Seismic survey company refutes blame for whale death

An oilfield services company doing seismic surveys of the sea floor near Cook Strait says they are not linked to recent whale strandings.

The company, Schlumberger, said it adhered to strict environmental protection measures for geophysical surveys.

Recent strandings of whales rarely seen in shallow waters – a grey-beaked whale in Caroline Bay in Timaru on 26 December and a sperm whale at Rabbit Island, Nelson on 30 December – have got scientists and environmentalists wondering why.

One theory was the strandings were linked to the loud blasts of compressed air from the survey equipment, used to shoot through the water and deep into the seabed.

Otago University zoologist Liz Slooten said the Rabbit Island stranding happened at the time one of the surveys was being conducted off Taranaki, which was 60 nautical miles (111km) north of Nelson.

“The whale could have been very close to the air guns and may have suffered physical damage causing temporary or permanent hearing loss. This could have led to the stranding, but only a full autopsy can answer this question,” Professor Slooten said.

Schlumberger was operating east of Cook Strait. Spokeswoman Ariane Labadens said in the past three years it operated in New Zealand it had funded Department of Conservation (DOC) facilitated whale necropsies and no deaths were found to be the result of seismic operations.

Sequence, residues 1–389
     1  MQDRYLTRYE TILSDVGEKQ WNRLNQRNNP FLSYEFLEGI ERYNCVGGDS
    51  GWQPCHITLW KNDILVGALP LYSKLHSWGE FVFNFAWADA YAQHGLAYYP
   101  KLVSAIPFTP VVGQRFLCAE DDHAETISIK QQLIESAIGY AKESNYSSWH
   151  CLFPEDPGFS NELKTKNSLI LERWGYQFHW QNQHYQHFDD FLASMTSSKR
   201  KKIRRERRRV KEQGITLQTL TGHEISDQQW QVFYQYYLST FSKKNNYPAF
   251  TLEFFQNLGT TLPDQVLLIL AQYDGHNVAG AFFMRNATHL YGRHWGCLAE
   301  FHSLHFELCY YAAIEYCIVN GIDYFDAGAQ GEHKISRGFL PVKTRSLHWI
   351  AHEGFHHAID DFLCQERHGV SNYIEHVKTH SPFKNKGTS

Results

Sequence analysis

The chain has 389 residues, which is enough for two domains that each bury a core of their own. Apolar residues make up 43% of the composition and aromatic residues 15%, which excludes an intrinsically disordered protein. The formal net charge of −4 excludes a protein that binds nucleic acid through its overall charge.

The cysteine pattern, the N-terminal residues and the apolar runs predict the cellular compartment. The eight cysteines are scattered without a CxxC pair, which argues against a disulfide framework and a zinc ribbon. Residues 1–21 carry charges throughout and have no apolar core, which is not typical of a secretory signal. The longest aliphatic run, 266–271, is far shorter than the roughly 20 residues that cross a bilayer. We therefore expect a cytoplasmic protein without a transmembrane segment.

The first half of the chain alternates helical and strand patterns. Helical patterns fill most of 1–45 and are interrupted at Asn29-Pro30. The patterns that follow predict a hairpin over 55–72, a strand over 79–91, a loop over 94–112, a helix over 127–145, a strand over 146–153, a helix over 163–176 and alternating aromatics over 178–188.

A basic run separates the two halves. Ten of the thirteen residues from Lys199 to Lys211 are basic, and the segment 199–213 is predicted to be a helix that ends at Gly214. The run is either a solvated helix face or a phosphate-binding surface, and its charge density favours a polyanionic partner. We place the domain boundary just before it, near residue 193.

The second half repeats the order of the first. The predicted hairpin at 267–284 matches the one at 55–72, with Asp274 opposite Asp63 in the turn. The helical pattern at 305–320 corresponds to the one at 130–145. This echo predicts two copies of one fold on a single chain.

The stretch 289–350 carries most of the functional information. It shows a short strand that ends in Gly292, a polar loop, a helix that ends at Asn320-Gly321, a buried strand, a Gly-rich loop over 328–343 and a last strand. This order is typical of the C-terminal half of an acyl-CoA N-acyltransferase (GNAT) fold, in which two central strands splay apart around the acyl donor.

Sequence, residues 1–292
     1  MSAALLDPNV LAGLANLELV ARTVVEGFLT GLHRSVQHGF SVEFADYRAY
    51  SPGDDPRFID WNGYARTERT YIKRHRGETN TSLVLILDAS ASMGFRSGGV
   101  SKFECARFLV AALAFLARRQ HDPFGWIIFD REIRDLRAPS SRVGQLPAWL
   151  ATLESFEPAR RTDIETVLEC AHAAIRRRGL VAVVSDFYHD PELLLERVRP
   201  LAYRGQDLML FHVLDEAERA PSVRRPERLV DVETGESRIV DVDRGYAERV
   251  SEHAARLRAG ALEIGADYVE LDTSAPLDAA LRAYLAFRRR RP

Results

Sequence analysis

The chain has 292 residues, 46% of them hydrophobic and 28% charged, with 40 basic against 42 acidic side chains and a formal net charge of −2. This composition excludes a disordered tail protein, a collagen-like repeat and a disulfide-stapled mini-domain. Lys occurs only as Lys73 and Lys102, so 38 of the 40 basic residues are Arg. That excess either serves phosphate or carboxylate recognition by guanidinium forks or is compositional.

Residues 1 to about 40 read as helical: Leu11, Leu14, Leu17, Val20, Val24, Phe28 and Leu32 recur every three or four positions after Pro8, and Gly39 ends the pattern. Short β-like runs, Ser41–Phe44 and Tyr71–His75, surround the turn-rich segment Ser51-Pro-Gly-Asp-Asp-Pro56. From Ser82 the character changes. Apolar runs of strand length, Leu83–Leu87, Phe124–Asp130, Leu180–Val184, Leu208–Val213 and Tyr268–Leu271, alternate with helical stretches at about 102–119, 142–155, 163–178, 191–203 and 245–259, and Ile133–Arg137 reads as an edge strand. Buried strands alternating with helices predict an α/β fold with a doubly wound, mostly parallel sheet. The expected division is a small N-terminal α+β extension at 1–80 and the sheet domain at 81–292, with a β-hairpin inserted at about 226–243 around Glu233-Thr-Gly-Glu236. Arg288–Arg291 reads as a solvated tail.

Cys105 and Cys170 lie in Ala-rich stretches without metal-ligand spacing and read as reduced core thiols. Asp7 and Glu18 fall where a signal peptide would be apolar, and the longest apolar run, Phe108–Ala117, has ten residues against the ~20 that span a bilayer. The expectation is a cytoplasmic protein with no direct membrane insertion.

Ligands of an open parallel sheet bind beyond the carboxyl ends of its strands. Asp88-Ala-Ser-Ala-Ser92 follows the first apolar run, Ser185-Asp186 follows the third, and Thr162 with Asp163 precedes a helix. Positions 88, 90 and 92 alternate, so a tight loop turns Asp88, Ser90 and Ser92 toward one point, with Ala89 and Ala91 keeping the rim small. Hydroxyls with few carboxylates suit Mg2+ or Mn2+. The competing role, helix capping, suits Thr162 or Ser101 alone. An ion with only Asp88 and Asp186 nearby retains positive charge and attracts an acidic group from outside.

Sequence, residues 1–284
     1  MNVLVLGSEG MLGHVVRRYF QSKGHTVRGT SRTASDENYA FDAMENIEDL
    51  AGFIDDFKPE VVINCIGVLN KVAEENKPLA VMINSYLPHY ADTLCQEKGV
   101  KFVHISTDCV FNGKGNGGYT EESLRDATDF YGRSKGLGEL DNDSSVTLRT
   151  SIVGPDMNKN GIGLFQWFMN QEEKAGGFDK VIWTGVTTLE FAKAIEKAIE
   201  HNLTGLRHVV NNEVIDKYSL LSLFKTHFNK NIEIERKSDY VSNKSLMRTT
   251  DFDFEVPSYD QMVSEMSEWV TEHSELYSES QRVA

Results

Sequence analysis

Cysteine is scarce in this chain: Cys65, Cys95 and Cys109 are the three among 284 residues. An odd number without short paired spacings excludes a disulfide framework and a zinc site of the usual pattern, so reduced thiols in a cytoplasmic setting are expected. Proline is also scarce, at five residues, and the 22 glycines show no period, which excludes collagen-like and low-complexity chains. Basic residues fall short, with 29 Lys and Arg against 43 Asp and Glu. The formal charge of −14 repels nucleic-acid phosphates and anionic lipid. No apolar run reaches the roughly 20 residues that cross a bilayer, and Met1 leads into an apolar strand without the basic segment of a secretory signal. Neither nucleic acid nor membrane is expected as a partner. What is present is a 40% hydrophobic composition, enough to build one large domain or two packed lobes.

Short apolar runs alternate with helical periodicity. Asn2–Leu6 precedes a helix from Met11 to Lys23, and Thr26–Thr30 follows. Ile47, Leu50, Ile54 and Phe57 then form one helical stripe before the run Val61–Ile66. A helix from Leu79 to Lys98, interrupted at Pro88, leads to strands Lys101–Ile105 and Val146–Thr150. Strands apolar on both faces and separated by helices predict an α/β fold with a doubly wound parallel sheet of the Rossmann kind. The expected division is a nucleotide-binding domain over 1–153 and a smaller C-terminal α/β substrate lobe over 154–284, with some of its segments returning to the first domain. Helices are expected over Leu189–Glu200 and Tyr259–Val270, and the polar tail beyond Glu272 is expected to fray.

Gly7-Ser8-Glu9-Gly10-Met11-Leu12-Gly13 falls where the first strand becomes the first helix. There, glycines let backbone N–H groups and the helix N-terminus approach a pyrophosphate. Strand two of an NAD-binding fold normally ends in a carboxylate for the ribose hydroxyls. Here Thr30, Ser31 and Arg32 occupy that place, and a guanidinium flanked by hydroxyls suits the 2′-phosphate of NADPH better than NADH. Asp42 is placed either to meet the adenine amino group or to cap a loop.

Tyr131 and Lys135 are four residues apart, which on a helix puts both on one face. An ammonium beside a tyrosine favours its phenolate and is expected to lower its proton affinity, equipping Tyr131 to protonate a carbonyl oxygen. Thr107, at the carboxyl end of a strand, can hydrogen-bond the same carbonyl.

She said whale strandings were a difficult sight, but the recent ones were outside the active operations area.

Ms Labadens said the company was committed to environmental protection.

Measures it took for the current New Zealand geophysical survey met and exceeded DOC requirements for minimising acoustic disturbance to marine mammals, she said.

Ms Labadens said two qualified marine mammal observers and two passive acoustic monitoring operators were on board at all times.

“The observers look for mammals in the vessel’s vicinity, while the acoustic monitoring system operates 24 hours a day to detect vocalisations. If a whale comes within one kilometre of the seismic source, the operation is shut down immediately.”

Ms Labadens said if calves were seen or detected in the pod, the safe operating zone was extended. She said Schlumberger had iwi on board as part of their training to become qualified marine mammal observers.

Professor Slooten suggested the oil research companies should put up a bond to help cover the cost of necropsies on stranded whales. She understood there was no necropsy on the whale that stranded in Nelson partly because of a lack of funds.

“If it [the bond] was $50,000, honestly that would be petty cash for these companies. They’re spending about $1 million a day on these surveys,” she said.

A second company, PGS, which had been doing seismic surveying in Taranaki, said it also operated strictly in accordance with DOC requirements.

Spokesman Bard Stenberg said PGS was committed to funding a necropsy for any whale stranded in proximity to active operations, in consultation with DOC.

Sperm whale too big to move

DOC Motueka operations manager Chris Golding said staff tried to bury the whale with two large diggers, but had been unable to do so because of the whale’s immense size and weight.

It was thought to weigh 50 tonnes or more.

The whale was tethered to prevent it floating off from where it was beached in a tidal area.

DOC staff were considering options for disposing of the whale, including letting it decompose naturally in the tide.

Mr Golding said this was successfully done with three sperm whales that stranded in Golden Bay in late 2014.

Local iwi blessed the whale and removed its jawbone and teeth as agreed under DOC protocols.